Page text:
Em resumo, a cultura de esferoides 3D de hepatócitos desenvolvida neste trabalho é uma ferramenta promissora para a obtenção de modelos in vitro mais robustos e preditíveis no desenvolvimento de fármacos.

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1. Miranda JP, Leite SB, Muller-Vieira U, Rodrigues A, Carrondo MJT, Alves PM. “Towards an extended hepatocyte in vitro culture.” Tissue Engineering: Part C, 15(2) (2009): 157-67

2. Leite SB, Teixeira AM, Miranda JP, Tostoes RM, Clemente JJ, Sousa MS,

Carrondo MJT, Alves PM. “Merging bioreactor technology with 3D hepatocyte-fibroblasts culturing approaches: enhanced in vitro models for Toxicological Applications” Toxicology in Vitro 25(4):825-32. (June 2011) [Epub ahead of print]

3. Tostões RM, Leite SB, Brito C, Serra M, Jensen J, Bjorquist P, Carrondo

MJT, Alves PM. “Human liver cell spheroids in extended perfusion bioreactor culture for repeated dose drug testing.” Hepatology (Accepted)

4. Leite SB, Wilk-Zasadna I, Zaldivar JM, Airola E, Minnecozzi M,

Reis-Fernandes M, Guillouzo C, Chesne C, Alves PM, Coecke S. “3D HepaRG Model for Toxicokinetic and Toxicodynamic Purposes” (submitted)

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Abbreviation Full form

2D Two-dimensional / monolayer (cell cultures)

3D Three -dimensional (cell cultures)

3R’s Replace-Reduce-Refine (animal testing)

ADME Absorption, Distribution, Metabolism, Excretion

APAP Acetaminophen

aPKC Atypical Protein Kinase C

BAL Bioartificial Liver Device

BNF β-Naphtoflavone

CDFDA 5-(and-6)-carboxy-2',7'-dichlorofluorescein diacetate

CYP Cytochrome P 450

DAPI 4’,6-diamidino-2-phenylindole

Diff fully Differentiated hepatocytes

DILI Drug Induced Liver Injury

DMSO Dimethylsulfoxide

DMEM Dulbeco’s Minimum Essential Medium Eagle’s

DO Dissolved Oxygen

ECM Extracellular Matrix

ECOD Ethoxycoumarin O-deethylation

EGF Epidermal Grow Factor

EGTA Ethylene Glicol Tetracetic Acid

ELISA Enzyme-Linked Immunosorbent Assay

EMA European Medicines Agency

FBS Foetal Bovine Serum

FDA (US) Food and Drug Administration

GSTA-1 Glutathione S-Transferase Alpha 1

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Hep Hepatocytes

Hff Human foreskin fibroblast

HGF Hepatocyte Growth Factor

HNF4α; Hepatocyte Nuclear Factor alfa;

Lac/Glc Lactate formation to Glucose consumption Ratio

LDH Lactate Dehydrogenase

4-MU 4-Methylumbeliferone

MEF Mouse Embryonic Fibroblasts

MEM Minimum Essential Medium Eagle’s

MCmB Multicompartmental bioreactor

PB Phenobarbital

PBS Phosphate Buffered Saline

PBTK Physiologically Based Toxicokinetic models

PFA Paraformaldehyde

Pharma Pharmaceutical Industry

pO2 Partial Pressure of Oxygen

qRT-PCR Quantitative Reverse Transcription Polymerase Chain Reaction

RIF Rifampicin

RWV Rotating Wall Vessel

SEM Standard Error of the Mean

SD Standard Deviation

TTC Threshold of Toxicological Concern

TK Toxicokinetics

UDP Uridine Diphosphate

U-Diff Under-differentiation hepatocytes

UGT UDP-glucuronosyl transferase

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Figure 1.1. Page 4 Process of Drug Development.

Figure 1.2. Page 6 ADME schematization of a drug intake

Figure 1.3. Page 13 Hepatocyte organization within the liver and specific architecture in vivo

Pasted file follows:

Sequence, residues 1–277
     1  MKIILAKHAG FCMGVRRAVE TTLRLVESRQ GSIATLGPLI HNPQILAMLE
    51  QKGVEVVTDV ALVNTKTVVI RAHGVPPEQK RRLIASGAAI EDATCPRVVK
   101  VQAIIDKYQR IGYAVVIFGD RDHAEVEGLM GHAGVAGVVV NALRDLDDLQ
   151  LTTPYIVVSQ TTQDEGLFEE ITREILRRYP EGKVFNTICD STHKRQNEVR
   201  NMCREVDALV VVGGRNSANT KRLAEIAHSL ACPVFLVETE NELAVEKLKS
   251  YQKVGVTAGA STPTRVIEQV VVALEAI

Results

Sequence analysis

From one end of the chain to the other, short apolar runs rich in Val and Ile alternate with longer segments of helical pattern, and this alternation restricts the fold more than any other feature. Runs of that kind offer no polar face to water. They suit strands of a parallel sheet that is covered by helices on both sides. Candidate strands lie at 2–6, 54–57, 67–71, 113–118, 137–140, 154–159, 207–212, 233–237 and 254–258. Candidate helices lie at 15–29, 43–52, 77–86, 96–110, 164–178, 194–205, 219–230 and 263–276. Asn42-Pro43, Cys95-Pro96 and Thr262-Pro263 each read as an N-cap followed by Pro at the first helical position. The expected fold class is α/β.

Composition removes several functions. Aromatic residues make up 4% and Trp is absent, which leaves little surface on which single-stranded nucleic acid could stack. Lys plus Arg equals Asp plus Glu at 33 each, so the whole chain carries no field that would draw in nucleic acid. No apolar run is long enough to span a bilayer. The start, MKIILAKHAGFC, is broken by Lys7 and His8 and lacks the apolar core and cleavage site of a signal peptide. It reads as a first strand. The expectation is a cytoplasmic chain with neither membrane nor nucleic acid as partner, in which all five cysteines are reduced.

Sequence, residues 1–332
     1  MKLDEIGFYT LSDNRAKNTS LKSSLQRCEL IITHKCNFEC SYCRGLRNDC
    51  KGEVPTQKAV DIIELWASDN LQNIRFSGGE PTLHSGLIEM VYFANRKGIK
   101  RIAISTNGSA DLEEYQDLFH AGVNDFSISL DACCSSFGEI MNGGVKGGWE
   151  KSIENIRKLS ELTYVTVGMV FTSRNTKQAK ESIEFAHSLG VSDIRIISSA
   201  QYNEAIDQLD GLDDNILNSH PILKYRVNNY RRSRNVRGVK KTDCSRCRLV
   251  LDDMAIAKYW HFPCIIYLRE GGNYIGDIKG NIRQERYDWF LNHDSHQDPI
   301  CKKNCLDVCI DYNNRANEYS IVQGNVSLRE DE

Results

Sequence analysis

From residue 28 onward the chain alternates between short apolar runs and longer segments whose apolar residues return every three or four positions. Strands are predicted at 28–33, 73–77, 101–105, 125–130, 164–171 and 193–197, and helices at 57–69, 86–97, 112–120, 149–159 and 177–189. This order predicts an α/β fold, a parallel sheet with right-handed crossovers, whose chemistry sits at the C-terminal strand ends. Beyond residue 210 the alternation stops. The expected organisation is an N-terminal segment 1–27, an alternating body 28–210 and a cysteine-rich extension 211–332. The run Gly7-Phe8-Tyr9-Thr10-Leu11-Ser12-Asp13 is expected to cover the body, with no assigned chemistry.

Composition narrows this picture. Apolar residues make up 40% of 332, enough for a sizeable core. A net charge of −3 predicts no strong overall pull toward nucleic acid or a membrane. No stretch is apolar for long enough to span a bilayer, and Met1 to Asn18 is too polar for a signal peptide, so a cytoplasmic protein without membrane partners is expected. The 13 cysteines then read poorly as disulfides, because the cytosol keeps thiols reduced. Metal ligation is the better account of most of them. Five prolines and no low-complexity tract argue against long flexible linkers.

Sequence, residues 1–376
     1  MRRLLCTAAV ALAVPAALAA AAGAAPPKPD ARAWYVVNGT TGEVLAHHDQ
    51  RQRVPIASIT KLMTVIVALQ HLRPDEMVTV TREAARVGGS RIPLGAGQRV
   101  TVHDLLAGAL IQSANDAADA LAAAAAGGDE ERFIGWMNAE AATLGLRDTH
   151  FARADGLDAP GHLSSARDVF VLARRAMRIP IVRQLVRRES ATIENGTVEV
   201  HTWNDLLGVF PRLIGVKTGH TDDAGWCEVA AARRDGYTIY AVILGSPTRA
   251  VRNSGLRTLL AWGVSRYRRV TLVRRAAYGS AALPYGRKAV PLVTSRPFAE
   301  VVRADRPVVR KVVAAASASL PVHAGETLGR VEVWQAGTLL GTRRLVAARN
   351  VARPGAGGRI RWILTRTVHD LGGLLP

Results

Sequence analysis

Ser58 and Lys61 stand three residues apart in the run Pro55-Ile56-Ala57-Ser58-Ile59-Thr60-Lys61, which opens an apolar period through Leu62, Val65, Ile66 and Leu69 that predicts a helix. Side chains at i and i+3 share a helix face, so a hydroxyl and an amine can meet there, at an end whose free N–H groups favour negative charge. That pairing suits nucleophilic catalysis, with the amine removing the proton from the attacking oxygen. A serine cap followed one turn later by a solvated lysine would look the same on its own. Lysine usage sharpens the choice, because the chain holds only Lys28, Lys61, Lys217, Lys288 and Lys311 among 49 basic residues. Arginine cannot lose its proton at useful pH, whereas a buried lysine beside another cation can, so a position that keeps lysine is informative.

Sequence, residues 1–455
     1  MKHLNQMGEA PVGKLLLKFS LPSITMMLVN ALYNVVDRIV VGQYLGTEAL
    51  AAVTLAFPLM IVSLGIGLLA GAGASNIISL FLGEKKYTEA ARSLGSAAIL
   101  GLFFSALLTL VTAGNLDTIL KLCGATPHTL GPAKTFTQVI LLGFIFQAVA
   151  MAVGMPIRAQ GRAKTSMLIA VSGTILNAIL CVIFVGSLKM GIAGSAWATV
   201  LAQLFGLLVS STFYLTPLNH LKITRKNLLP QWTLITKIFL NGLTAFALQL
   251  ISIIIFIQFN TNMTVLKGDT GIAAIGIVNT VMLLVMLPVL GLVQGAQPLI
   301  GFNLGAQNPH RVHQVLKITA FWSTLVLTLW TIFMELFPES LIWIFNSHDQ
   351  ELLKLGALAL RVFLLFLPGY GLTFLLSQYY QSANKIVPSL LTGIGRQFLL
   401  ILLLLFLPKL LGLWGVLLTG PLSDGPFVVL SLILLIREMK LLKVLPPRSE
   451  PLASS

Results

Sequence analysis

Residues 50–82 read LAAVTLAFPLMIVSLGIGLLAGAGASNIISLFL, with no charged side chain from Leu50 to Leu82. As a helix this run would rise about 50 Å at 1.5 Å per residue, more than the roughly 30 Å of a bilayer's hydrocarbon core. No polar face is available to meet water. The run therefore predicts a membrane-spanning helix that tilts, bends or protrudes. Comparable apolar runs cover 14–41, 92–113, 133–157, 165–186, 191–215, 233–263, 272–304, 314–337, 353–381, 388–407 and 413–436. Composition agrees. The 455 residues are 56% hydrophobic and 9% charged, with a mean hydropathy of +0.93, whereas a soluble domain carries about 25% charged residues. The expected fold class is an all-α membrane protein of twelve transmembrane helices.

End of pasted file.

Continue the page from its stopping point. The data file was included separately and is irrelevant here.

Figure 1.4. Page 19 Metabolic hepatic functions

Figure 1.5. Page 21 Hepatocyte cultures in 2D

Figure 1.6. Page 34 3D approaches for hepatocyte cultures

Figure 1.7. Page 40 Bioreactor systems for hepatocyte cultures.

Figure 1.8. Page 46 Schematic representation of the aim of the PhD thesis and strategy taken.

Figure 2.1. Page 67 Minibioreactor apparatus

Figure 2.2. Page 72 Phase contrast microscopy of a 3D hepatocyte spheroid, cultured in stirred tank.

Figure 2.3. Page 74 Effect of culture time in albumin secretion and activity of phase I enzyme ECOD for cells cultured in monolayer 2D and spinner vessels 3D with paddle impeller and different inoculum concentration.

Figure 2.4. Page 74 Effect of culture time on albumin secretion and activity of phase I enzyme ECOD for cells cultured in different culture media in monolayer 2D and spinner vessels 3D.

Figure 2.5. Page 75 Profiles of pH, temperature, dissolved oxygen

(pO2) and cell survival in the bioreactor culture

hepatocyte spheroids.

Figure 2.6. Page 76 Functional capacity of hepatocytes over long-term cultivation periods was assessed by determining urea production and albumin secretion by the cells cultured in monolayer 2D, bioreactor 3D, and spinner vessels 3D culture systems.

Figure 2.7. Page 76 Hepatic metabolic function was assessed by determining the activities of phase I enzymes ECOD and phase II enzymes UGT in cells cultured in monolayer 2D, bioreactor 3D, and

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Figure 2.8. Page 78 Metabolic stability of diphenhydramine and troglitazone observed in hepatocyte primary cultures in bioreactor 3D at day 2 and day 21 of culture; and in monolayer 2D at day 2 of culture.

Figure 3.1. Page 100 Experimental set-up used to evaluate the effect of fibroblasts type, hepatocyte:fibroblast ratio and total cell inoculum concentration in hepatocytes functionality.

Figure 3.2. Page 101 Cell spheroids collected at day 3 from mono- and co-cultures

Figure 3.3. Page 103 Albumin secretion rate per unit volume along culture time in 3D stirred cultures.

Figure 3.4. Page 104 Non-induced enzymatic activities along culture time in the different stirred 3D cultures.